I will finish the three books I have in hand and seek publishers for them. After that, I just don’t know. I’ll write another book if the muse whops me but I won’t write if I don’t have a good idea.

9. How much of your personality and life experiences are in your writing?

Personality: There’s some. I try to get inside my character’s heads and work out how they would react to whatever is happening in the plot. To do that, I’ve got to imagine how I would feel in their situation so, inevitably, there’s “me” in that.

Life experiences: Oh yes. Every author says that their characters are based on people they’ve known. Well I challenge all my past acquaintances to spot themselves in my protagonists. I’d love to see who gets it right.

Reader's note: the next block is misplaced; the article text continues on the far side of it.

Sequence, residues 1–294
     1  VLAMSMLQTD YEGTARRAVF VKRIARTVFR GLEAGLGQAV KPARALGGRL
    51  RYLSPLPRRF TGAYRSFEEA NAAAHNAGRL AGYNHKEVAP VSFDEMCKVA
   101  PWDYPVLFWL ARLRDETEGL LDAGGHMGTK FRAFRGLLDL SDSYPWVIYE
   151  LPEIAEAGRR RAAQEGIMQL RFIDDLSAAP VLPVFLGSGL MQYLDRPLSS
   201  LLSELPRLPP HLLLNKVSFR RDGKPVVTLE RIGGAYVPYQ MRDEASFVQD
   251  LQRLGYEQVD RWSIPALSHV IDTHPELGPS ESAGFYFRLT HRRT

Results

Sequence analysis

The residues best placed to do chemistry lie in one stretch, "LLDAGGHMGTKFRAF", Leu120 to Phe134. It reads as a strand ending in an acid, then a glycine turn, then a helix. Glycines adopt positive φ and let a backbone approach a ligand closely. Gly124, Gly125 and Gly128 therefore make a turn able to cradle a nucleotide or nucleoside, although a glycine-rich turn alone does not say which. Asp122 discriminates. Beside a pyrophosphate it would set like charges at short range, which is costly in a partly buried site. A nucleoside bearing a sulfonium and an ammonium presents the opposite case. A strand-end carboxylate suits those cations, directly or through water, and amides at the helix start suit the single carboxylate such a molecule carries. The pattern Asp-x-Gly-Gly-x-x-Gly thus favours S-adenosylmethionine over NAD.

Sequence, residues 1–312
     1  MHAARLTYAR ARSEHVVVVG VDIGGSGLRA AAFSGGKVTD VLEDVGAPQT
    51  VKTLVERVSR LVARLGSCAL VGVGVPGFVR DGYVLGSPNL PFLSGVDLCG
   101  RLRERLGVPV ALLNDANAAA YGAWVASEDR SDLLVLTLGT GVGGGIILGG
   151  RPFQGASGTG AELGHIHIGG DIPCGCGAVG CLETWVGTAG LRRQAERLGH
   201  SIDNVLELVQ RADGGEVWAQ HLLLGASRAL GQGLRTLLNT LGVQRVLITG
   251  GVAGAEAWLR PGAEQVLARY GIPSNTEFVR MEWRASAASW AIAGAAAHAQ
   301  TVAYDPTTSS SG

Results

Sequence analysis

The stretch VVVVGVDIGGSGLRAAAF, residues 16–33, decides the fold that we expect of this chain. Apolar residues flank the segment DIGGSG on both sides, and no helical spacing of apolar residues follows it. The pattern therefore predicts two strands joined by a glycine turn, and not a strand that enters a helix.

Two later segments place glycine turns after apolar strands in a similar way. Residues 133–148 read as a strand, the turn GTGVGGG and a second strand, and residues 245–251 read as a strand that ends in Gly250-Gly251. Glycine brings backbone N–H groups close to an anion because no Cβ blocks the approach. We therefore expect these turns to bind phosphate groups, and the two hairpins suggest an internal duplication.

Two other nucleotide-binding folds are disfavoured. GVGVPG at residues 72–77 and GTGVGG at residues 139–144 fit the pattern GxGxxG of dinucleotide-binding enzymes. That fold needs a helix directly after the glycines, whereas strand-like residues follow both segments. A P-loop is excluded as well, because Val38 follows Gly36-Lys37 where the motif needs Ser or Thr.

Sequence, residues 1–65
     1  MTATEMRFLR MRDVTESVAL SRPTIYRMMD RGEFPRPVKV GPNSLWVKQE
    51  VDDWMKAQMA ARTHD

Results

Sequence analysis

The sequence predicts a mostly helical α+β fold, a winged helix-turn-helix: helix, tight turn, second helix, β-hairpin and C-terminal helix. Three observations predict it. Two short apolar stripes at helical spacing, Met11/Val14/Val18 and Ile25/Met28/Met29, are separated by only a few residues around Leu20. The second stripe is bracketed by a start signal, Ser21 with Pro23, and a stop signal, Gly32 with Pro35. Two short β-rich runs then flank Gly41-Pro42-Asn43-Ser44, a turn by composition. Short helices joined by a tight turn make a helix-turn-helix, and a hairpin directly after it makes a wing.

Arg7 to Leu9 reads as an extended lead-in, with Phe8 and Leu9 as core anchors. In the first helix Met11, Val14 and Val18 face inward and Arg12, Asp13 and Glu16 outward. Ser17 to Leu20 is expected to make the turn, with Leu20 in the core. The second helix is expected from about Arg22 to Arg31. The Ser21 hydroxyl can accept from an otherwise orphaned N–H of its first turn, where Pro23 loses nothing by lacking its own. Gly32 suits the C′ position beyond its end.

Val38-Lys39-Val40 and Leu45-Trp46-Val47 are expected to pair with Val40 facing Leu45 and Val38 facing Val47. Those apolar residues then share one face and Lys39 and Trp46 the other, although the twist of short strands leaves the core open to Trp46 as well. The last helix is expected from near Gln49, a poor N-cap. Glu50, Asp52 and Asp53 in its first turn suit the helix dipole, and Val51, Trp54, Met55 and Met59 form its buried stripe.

10. Do you have a set schedule for writing or do you just go with the flow?

I grab every minute I can whenever I can. That may be 9am, 3pm, midnight or 4am.

11. What is your routine once you start writing a book?

I have a general idea of what the story is going to be. I identify a starting point then set to the keyboard. An event happens, one of the characters whispers into my brain what will result from that event and then they take me through the story. I don’t know how it’s going to end – the protagonists lead me there. When I’ve finally written “The End” I find I’ve got about 40,000 words (half a book). I then go back through and expand. For example, if “this” happened in Chapter 30, then we needed “that” as a build-up to it back in Chapter 17. So I then fill in that gap.

12. What about you in general? What is it that makes you tick? Makes you you? Things you like to do and what prompted you into writing?

I have a brain that’s never still. (I actually applied that to one of my characters – so there’s an instance of my personality getting into the stories.) I cannot be doing nothing. I find it difficult even to watch television, even if I’m interested in the show. So, I suppose I have to go along with that brain. Writing is a way of doing so.